During your first sip, really savor the feel and taste of the beer on your palate. What flavor notes are you getting? Beer can be extremely complex, with multiple flavor notes and distinct aftertastes. Are the flavors similar to what you noticed during the smell? Is the beer balanced, or is it too mild or too bitter? All of these questions are things to pay attention to as you taste your beer. As you continue to sip, you can also ponder the most important question of all when it comes to a review – do you like this beer?

Mouthfeel
When I was a beer newbie, this word seemed strange to me. Mouthfeel? What is this concept and is it really that different from taste? To the seasoned beer reviewer, the answer is yes. Simply put, mouthfeel is the sensations you are experiencing as you sip the beer. For example, adjectives such as carbonated, creamy, crisp, and watery are all ways to describe how a beer feels when you drink it. This is an important part of tasting a beer, and mouthfeel makes more of a difference than you may think. For example, purists of real British style ale expect a certain mouthfeel when they sip their beer. British ales are naturally carbonated, like the beer we make at the Black Creek brewery. The mouthfeel of a British ale can make or break the perception of how authentic it truly is.

Final Impressions
Beer reviewing may seem a little overwhelming, but it can be a very enjoyable experience. It’s very rewarding to slow down and experience a beer mindfully, and to understand the flavor notes and complexities that beer has to offer. The final impressions of a beer truly come down to your personal tastes. Was the beer enjoyable? What did you like and dislike? As we say down at the Black Creek brewery, beer is very personal. Therefore, don’t be shy about thinking of your own personal tastes as you review.

So next time you’re enjoying a flight or a pint, slow down and size up your beer. Hopefully it’ll get a good review!

Hops to you,

Dani

The Story of India Pale Ale

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A map of British India

 

One of the most popular styles of beer that we serve down in the Black Creek brewery is our historic India Pale Ale. Visitors who are fans of a hoppy, fruity, and bitter tasting beer tend to enjoy our IPA – it is balanced, smooth, and refreshing. As they sip their IPA sample, they are treated to the history of the India Pale Ale by our brewmaster.  One of the most popular questions he gets asked is – “Why is it called an India Pale Ale?” They are usually surprised to hear that the IPA’s roots trace back all the way to colonial times – to India during the time of the British Raj.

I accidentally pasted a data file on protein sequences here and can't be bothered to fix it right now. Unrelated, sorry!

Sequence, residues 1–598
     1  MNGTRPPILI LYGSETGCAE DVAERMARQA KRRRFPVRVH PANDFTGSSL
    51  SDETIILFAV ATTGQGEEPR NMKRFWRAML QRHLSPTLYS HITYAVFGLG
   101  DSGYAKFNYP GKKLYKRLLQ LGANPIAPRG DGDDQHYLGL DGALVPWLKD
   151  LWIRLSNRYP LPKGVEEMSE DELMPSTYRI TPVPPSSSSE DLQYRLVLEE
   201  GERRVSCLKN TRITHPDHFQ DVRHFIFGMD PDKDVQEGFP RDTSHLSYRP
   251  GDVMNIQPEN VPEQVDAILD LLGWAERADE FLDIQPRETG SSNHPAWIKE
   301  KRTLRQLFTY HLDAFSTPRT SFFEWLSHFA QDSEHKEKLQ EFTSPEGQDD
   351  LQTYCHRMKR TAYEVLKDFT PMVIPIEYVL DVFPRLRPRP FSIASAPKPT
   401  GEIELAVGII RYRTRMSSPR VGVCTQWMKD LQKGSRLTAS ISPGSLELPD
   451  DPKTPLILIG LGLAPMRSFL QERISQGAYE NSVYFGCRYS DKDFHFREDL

In the early days of British rule, the colonizing Brits were likely taken aback by the cultural and environmental differences between Britain and India. One large difference was the climate – it was hot and humid all year long. In this time period, beer brewing depended on the temperature and was usually a seasonal pursuit. This type of hot weather was not conducive to brewing, but beer was still required to satiate thirsty soldiers serving on behalf of the Raj.

In this case, necessity was the mother of invention. It was not possible to send beers such as malty brown ales over to India, as they would spoil on the months long journey by ship. The proposed solution was to double up on a natural preservative already found in beer – hops. This natural preservative ended up being the solution, and extremely hoppy beers managed to survive the journey to India, maintaining an acceptable taste and freshness.

However, the IPA did not retain its popularity between colonial times and now. With the end of the colonial period (and the dawn of refrigeration), the desire for India Pale Ales dwindled. Brewers instead opted to brew weaker Pale Ales instead, which were much less hoppy and bitter. It seemed as though the India Pale Ale was destined to be forgotten by time, right along with the sherry-cobbler cocktail and the gin sling… so why is it that every other craft beer on the market seems to be an IPA?

The India Pale Ale has made a comeback in the last few decades, all due to a newfound interest in craft beer brewing in the United States. American craft brewers became bored of the traditional lagers that were crowding the market, and were apt to try something new. This included brewing old English recipes, such as the forgotten IPA. American  brewers have put their own spin on the India Pale Ale – American (and Canadian) IPAs tend to be more fruity and citrusy than the traditional British version of the IPA. This winning combination of bitter and fruity has made the India Pale Ale one of the most popular types of craft beer on the market today. So next time you order a Boneshaker, a Lagunitas, or even a Black Creek historic IPA in the brewery, you can think of the rich and complex history that brought that India Pale Ale to you.

Hops to you,

Dani